Touring India with an Enfield
There we were at the side of the road, stranded. It was late afternoon, it had been a difficult day, and we were going nowhere fast. Our trusty Enfield Bullet had developed problems that we had no way of fixing. The dodgy de-compression cable, coupled with the missing link to the accelerator had stupefied even the local mechanics, who had turned up fast and furious to assist us in our moment of need. After each mechanic tried in vain to get us going, they each abandoned us to the night, not wanting to get caught out themselves as the sun disappeared and darkness drew near.
We debated about it, and we stewed on it, then we worried about it as it really started to get dark. Darkness however, brought us our knight in shining armour as a single headlight appeared in the gloom. A tiny spluttering moped appeared with two largish Indian men desperately trying to stay on it. They stopped, and immediately I was impressed with how much weight you could get onto the smallest of bikes. They looked at our bike and spent a while trying to fix it, before deciding it would be an excellent idea for them to tow us to their village, some 20kms away. Now our Enfield was heavy, it's a fair sized motorcycle, it already had two passengers, and two full rucksacks along with an assortment of luggage stacked up so high it was a wonder we stayed upright. Undeterred, they tied a tow rope between the bikes and then proceeded to tow us to their village.
It was a sheer adrenaline ride being towed at night along a pot-holed road in the dark, but we were pleased at being helped, so we just gave demonic grins in response to their agitated hand waving signals. After what seemed an eternity, we arrived in a village just off the main road and dismounted our steed to the joy of all the villagers who had come out to witness this event. We were tired and we were filthy, and it was all a little overbearing to be welcomed into this small village in the dead of night. The larger of the 2 Indian men (off the bike) ushered us into one of the small homes and bade us sit down. We were presented with Chai and then introduced to his considerable family, and his neighbours and their family, and their neighbours and their cousins and so on. It turned out this guy was the village headman and he was obviously deeply respected, which was evident by the reverence with which others addressed him. He then promised us (with the little English he spoke) that he would fix our bike for us and we would soon be on our way. He instructed one of the crowd to go and get the 'mechanic', who duly turned up to inspect the bike.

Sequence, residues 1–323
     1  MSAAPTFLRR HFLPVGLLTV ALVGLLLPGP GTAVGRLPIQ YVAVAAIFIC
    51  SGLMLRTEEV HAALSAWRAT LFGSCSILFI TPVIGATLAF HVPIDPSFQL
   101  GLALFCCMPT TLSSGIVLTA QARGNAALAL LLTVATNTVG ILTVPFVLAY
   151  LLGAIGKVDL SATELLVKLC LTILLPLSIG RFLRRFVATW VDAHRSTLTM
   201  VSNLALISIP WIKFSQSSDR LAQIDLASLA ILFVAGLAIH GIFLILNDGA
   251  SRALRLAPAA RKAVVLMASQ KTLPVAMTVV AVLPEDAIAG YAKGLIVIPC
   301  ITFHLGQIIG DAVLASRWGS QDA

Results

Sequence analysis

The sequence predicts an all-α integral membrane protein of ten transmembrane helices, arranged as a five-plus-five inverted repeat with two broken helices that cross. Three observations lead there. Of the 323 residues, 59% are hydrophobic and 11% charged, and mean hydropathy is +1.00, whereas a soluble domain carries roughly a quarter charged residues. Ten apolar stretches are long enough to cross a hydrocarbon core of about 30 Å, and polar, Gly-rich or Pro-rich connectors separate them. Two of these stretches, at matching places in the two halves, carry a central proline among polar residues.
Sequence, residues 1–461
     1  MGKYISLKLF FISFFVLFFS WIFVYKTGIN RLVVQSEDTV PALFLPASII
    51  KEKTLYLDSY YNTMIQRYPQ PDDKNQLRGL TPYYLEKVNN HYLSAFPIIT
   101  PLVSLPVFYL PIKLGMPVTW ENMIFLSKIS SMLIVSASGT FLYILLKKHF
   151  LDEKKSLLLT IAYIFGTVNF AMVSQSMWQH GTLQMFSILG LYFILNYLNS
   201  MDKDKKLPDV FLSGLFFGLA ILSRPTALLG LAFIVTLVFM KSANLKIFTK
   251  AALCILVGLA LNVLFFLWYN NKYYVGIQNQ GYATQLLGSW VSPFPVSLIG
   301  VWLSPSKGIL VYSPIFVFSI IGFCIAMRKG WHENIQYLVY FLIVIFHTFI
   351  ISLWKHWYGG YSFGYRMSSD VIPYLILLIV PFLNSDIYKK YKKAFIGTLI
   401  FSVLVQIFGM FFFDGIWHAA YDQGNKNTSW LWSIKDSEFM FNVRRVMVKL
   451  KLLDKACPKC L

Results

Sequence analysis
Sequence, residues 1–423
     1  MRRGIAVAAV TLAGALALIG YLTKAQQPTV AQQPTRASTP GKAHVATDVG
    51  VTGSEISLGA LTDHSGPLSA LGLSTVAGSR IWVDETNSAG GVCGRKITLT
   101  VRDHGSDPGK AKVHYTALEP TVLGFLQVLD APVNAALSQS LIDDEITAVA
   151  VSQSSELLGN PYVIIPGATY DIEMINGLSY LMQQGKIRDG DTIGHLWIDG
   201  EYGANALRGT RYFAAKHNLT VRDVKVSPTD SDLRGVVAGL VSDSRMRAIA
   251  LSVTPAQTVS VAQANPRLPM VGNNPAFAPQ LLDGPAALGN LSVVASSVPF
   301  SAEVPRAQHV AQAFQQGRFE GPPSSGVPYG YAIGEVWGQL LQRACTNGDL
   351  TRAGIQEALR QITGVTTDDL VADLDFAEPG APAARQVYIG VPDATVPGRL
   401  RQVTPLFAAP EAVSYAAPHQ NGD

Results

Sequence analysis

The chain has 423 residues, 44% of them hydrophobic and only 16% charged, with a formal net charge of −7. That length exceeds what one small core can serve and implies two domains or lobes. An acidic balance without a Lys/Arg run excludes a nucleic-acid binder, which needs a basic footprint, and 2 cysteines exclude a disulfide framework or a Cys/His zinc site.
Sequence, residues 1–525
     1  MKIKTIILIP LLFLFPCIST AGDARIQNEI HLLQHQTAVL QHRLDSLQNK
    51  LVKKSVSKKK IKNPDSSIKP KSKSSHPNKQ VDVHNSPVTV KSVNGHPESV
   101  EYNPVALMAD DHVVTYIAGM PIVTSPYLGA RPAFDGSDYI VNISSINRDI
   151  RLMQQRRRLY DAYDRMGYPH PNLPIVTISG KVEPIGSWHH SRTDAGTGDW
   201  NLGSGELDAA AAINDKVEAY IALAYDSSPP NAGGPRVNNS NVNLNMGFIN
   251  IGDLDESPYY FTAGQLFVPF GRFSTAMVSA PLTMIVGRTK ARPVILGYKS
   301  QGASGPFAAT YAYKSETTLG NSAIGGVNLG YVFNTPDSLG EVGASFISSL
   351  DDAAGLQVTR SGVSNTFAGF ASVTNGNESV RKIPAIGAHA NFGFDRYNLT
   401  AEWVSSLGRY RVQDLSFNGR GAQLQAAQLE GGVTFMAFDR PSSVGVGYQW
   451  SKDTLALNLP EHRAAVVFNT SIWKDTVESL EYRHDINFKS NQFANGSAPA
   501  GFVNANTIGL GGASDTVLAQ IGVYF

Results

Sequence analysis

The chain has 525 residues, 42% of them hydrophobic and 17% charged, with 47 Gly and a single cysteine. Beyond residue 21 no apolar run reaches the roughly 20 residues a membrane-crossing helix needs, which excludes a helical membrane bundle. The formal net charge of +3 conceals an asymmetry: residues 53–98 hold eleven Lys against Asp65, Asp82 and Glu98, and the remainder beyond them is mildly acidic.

We offered the use of our limited 5-piece tool kit, which the headman politely refused, undoubtedly knowing that such kits don't work. Anyway the mechanic spent hours messing around with the bike and eventually he appeared to have fixed the problems. With only a slight amount of cajoling the motorcycle fired and settled down to a nice smooth tick-over. We thanked the mechanic and politely tried to offer him some money, but the headman would have none of it,
"No" he said, "You are my guests".
I discreetly managed to whisper to the mechanic, "I'm happy to pay you for your time", to which he replied "Don't worry, I just hope it stays fine for you". Hmmm, I thought, you're the mechanic; surely you trust your own work? As if he had heard my thoughts he said "Actually, I'm not a mechanic at all, I'm a doctor, but they seem to think I can do anything".
As we sped off into the night I had to laugh at the sequence of events that led us into the hands of the Doctor that night, but was eternally glad that it was the bike that needed fixing and not us.